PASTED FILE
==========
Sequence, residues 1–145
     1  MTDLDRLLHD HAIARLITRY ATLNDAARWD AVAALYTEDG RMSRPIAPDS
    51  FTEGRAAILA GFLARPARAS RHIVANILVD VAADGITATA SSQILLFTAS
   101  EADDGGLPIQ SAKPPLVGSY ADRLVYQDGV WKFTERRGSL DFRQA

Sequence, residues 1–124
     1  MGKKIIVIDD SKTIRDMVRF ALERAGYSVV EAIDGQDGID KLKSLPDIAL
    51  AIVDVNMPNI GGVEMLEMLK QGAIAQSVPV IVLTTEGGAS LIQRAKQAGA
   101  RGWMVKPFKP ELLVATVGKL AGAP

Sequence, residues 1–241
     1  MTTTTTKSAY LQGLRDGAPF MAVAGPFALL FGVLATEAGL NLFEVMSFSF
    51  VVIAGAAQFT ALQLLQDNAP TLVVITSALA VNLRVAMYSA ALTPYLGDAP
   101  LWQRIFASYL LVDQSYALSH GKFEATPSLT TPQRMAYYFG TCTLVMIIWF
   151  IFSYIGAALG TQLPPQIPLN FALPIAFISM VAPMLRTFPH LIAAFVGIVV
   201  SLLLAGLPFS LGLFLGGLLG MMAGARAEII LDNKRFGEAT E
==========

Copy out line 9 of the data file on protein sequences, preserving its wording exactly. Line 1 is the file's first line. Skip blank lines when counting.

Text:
Sequence, residues 1–241